• Drama Online - Oberon Books and TCG Collection
  • Screen Studies - Auteur Collection
  • Bloomsbury Philosophy Library
  • Human Kinetics Library - Health Care in Sport and Physical Education
  • Theology and Religion Online - Bloomsbury Religion in North America and the Yale Bible Dictionary & Bible Commentaries
  • Bloomsbury History Theory & Method
  • Sound Studies

From 12:30 - 12:50, drop in to ask questions.  How do annual updates work or where do you get usage statistics? Have you heard about one of our products and want to find out about the pricing models? Drop in to ask any questions about currently available resources or just stop by to say hello!


1-1:50 (Concurrent Sessions)

One from the Many: Creating an Instruction Program with a Diverse Group of Librarians, Jennifer Snow (Yale University)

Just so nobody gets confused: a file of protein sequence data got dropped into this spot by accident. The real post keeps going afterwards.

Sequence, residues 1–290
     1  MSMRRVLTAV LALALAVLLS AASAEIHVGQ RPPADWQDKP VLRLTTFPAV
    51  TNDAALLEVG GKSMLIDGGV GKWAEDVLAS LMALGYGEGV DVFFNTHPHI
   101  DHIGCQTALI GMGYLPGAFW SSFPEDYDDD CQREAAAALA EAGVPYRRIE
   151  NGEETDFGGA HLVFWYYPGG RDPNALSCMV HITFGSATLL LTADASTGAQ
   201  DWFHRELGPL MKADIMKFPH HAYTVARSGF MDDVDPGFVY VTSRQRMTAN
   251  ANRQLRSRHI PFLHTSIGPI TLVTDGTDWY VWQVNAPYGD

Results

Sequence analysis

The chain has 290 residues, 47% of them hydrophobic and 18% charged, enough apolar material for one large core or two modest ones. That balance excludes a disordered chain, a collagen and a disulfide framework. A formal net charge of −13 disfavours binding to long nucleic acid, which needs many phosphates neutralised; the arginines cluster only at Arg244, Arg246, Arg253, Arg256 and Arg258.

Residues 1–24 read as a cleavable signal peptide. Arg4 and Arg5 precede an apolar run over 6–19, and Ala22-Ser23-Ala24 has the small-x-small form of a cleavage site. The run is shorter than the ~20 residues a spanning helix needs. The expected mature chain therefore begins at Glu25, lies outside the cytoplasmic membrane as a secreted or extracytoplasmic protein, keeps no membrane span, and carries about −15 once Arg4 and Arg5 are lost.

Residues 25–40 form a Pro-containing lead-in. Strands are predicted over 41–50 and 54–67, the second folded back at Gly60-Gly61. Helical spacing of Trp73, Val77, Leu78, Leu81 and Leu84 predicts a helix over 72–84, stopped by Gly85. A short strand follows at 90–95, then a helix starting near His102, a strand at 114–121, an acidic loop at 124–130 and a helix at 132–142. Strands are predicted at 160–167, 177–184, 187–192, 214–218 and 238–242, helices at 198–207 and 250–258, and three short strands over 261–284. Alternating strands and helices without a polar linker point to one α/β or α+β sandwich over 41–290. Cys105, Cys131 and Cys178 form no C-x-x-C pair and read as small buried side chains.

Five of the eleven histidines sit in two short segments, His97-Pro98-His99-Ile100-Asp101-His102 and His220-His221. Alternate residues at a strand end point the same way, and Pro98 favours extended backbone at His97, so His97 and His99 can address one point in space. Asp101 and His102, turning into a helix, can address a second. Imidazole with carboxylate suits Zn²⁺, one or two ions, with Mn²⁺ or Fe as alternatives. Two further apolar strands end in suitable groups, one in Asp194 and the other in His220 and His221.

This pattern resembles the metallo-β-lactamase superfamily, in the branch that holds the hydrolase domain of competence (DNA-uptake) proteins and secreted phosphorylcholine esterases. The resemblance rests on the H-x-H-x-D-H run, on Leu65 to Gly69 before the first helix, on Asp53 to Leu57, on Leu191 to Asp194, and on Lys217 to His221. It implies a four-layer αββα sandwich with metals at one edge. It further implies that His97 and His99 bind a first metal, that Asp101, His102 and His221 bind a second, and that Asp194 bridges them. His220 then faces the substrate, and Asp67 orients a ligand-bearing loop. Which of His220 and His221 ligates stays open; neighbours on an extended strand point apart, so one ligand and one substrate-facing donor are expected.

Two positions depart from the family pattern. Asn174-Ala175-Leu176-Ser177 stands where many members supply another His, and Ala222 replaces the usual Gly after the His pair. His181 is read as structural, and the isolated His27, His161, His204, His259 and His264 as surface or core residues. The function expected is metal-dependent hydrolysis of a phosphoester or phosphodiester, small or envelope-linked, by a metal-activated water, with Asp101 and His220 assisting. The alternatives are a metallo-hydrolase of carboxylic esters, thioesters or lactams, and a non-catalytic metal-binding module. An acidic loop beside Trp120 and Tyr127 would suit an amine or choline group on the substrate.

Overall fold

How can a library move from an individual, ad hoc approach to instruction to a cohesive instruction program? This presentation discusses how identifying a Coordinator of Instruction can guide that process and bring together a diverse group of instruction librarians.

From Cooperation to Collaboration: Towards a Framework for Deepening Partnerships, Laura Saunders (Simmons University)

This session will present a research-based framework for collaboration, reviewing common barriers to collaboration and discussing approaches for overcoming those barriers. The presenter will share best practices for meaningful collaboration, including identifying community needs and potential partners; aligning vision and goals; and implementing and managing a successful collaboration.


Blending Scalability and Customization in Instruction Modules to Expand a First-Year Information Literacy Program, Ben Peck (University of New Hampshire)